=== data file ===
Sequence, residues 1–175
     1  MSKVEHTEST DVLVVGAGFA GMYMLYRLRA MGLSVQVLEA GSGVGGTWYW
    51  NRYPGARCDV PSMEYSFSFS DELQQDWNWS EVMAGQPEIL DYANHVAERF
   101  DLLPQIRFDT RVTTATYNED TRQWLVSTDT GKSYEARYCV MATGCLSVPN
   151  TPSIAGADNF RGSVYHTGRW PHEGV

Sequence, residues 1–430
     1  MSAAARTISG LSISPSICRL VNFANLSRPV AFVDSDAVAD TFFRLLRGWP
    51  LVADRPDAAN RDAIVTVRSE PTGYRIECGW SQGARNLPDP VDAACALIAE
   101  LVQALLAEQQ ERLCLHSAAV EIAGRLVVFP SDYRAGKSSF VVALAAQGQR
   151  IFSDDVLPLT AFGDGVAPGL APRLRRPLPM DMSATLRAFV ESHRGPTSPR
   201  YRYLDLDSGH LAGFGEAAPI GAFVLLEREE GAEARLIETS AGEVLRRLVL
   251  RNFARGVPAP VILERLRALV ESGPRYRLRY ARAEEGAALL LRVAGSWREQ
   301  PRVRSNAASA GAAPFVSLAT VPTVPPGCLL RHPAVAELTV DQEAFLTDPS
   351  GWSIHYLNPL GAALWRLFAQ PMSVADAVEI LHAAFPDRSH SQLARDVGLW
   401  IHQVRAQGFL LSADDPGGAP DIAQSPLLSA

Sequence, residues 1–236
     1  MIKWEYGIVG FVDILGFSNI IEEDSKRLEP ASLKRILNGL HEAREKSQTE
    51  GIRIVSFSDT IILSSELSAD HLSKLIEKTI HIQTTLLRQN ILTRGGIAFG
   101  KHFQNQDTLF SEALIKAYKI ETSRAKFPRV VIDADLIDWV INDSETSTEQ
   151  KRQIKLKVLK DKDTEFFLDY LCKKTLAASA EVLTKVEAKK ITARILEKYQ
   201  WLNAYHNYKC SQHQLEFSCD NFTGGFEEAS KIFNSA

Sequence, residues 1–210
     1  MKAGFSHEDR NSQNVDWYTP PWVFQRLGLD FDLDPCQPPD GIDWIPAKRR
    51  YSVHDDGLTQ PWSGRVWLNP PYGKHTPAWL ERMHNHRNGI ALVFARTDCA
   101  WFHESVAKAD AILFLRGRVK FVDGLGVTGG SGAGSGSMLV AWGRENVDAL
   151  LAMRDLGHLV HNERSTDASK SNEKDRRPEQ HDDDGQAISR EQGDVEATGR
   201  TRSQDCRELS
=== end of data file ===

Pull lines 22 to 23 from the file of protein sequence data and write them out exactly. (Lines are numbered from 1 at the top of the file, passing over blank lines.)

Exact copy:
Sequence, residues 1–210
     1  MKAGFSHEDR NSQNVDWYTP PWVFQRLGLD FDLDPCQPPD GIDWIPAKRR